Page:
Imitrex And Fioricet


Asked by GoNolzOhio

Imitrex And Fioricet

Okay, I am a 41-year old male, started getting migranes a few years back, and just got prescriptions filled for (generic) fioricet and (generic) imitrex. This is my first question here and first prescriptions for migranes I have ever got filled. So my question: whats the difference between the two? Should I be taking one before trying the other? Thanks.


Hi GoNolzOhio,

What you have are rescue and abortive medications, but no Migraine preventive medication. I'll explain the difference in a bit. How many Migraines do you get each month? The thing is anyone who has three or more Migraines a month needs to be talking with their doctor about prevention. There's growing evidence that Migraine is a progressive brain disease. A recent study showed that Migraines can cause brain damage, and that people with three or more Migraines a month are more susceptible to this damage. For more information, see Is Migraine a Progressive Brain Disease? and Yes, Migraines Can Cause Brain Damage.

But there is good news, getting a good doctor who you can work together with to reduce the number of Migraines is vital. And we can help you with that. We maintain a list of Migraine specialists who are recommended by patients or by Migraine specialist I know and trust. Hopefully, you'll find one there. Take a look at Patient Recommended Migraine and Headache Specialists.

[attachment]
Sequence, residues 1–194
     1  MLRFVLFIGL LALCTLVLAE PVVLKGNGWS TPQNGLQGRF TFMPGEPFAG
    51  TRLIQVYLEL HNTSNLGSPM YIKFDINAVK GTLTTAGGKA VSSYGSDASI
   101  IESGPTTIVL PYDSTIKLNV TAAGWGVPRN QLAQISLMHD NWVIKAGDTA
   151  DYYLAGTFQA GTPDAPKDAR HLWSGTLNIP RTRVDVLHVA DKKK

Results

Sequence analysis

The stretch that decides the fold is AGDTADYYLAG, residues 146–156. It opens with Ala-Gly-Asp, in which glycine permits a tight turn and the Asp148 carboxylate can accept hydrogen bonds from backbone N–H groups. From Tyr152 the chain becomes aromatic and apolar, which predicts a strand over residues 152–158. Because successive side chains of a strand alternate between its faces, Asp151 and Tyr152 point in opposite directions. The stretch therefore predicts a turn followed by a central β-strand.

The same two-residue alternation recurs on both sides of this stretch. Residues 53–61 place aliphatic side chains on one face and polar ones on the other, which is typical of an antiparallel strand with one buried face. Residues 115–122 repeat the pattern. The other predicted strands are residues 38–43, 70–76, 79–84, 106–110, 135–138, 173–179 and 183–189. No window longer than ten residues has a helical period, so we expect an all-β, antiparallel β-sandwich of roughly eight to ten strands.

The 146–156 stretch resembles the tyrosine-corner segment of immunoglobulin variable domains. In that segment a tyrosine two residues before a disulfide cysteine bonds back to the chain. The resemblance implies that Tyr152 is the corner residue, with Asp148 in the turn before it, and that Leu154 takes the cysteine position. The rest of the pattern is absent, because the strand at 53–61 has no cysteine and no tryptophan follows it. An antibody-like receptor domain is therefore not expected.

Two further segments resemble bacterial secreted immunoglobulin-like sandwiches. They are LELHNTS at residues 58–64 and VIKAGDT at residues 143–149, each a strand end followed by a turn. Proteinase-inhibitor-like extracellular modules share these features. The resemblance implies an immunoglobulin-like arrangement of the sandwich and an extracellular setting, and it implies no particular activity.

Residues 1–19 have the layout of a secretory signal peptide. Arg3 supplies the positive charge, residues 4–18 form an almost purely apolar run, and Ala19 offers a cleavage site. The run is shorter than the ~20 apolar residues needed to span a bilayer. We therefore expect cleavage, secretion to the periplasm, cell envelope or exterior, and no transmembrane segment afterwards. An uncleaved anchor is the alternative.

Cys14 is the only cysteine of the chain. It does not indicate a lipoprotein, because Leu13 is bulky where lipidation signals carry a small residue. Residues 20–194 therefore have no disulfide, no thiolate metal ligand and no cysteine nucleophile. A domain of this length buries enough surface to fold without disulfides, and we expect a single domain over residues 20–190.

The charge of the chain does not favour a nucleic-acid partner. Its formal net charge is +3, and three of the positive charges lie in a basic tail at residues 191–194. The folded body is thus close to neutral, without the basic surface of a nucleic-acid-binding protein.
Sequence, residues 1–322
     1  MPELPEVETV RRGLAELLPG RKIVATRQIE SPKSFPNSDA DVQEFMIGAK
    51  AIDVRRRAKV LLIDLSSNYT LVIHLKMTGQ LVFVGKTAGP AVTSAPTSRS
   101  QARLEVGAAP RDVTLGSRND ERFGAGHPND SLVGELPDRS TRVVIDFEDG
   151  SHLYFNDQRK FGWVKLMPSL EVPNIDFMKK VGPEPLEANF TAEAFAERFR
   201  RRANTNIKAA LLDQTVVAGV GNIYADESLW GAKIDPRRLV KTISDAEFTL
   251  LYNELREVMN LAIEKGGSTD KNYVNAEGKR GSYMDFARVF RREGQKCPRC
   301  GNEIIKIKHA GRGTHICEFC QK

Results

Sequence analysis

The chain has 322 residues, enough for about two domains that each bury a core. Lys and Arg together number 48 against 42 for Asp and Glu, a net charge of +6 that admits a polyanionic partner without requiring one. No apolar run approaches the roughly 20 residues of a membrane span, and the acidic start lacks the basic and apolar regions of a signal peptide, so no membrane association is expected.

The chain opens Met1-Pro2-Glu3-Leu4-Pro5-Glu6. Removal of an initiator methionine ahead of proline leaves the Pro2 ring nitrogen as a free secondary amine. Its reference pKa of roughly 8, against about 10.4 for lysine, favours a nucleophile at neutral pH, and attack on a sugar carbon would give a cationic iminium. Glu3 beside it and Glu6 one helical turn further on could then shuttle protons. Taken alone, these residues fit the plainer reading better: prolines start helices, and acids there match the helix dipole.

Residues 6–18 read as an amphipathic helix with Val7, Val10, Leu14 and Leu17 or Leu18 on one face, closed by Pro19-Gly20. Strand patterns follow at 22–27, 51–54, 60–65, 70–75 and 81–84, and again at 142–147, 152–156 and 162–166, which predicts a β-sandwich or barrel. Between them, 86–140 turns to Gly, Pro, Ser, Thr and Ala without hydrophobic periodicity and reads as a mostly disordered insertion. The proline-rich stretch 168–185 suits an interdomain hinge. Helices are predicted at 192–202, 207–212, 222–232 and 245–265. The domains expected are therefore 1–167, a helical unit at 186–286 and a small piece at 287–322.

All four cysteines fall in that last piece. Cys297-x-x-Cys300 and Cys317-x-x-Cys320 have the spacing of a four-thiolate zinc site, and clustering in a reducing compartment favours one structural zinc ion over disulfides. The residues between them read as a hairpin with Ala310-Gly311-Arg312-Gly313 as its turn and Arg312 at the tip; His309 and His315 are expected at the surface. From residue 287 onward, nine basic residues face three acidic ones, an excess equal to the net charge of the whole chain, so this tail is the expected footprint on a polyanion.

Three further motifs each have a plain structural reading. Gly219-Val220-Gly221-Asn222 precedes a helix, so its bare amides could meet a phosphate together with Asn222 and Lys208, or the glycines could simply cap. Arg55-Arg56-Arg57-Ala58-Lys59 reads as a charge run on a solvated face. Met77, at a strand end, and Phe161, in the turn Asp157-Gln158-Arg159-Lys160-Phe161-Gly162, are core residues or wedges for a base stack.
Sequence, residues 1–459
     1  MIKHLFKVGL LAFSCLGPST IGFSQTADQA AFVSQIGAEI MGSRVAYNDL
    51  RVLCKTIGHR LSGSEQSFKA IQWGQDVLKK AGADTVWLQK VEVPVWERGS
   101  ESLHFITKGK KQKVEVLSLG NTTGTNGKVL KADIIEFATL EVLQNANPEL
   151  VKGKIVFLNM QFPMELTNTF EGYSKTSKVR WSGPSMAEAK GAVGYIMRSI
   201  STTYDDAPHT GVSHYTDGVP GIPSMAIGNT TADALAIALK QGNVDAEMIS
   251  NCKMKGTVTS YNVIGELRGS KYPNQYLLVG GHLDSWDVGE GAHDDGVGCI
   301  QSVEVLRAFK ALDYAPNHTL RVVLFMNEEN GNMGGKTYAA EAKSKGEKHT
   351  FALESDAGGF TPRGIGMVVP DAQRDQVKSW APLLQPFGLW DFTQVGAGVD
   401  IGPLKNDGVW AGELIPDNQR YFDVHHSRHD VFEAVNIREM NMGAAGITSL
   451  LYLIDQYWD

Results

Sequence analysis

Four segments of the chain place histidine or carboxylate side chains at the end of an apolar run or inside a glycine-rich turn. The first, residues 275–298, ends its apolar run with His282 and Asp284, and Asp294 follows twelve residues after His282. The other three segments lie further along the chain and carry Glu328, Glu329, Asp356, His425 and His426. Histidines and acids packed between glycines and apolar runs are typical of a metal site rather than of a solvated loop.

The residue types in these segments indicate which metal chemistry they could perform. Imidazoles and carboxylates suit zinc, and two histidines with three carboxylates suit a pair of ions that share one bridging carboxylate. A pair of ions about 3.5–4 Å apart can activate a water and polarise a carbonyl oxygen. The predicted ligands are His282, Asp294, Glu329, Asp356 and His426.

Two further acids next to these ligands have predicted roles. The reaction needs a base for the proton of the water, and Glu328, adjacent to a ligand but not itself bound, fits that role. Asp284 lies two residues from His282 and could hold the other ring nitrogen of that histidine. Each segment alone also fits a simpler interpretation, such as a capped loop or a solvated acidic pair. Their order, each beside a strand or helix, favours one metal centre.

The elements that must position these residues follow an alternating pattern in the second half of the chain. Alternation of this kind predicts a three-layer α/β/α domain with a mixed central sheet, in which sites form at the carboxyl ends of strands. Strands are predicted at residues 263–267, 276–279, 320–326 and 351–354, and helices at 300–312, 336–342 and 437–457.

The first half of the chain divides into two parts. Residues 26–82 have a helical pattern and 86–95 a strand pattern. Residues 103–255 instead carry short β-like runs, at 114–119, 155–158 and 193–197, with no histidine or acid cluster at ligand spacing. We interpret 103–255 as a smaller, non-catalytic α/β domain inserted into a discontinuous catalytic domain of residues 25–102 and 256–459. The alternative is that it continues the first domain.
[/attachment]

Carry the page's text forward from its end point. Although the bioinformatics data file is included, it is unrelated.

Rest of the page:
We are talking about rescue and abortive medications with the two drugs you mentioned. Fioricet is a rescue medication that relieves pain and is used when abortive medications, like Imitrex (a triptan) don't work or can't be used. Not your first line of medication in most cases. Abortive medications stop the Migrainous process, rescue medications relieve pain, and well, preventive medications hopefully reduce the severity and frequency of our Migraine attacks.

Preventive, Abortive, and Rescue Medications - What's the Difference?

I hope that makes sense, if not let me know and I'll try again!


You should know: The answer above provides general health information that is not intended to replace medical advice or treatment recommendations from a qualified healthcare professional.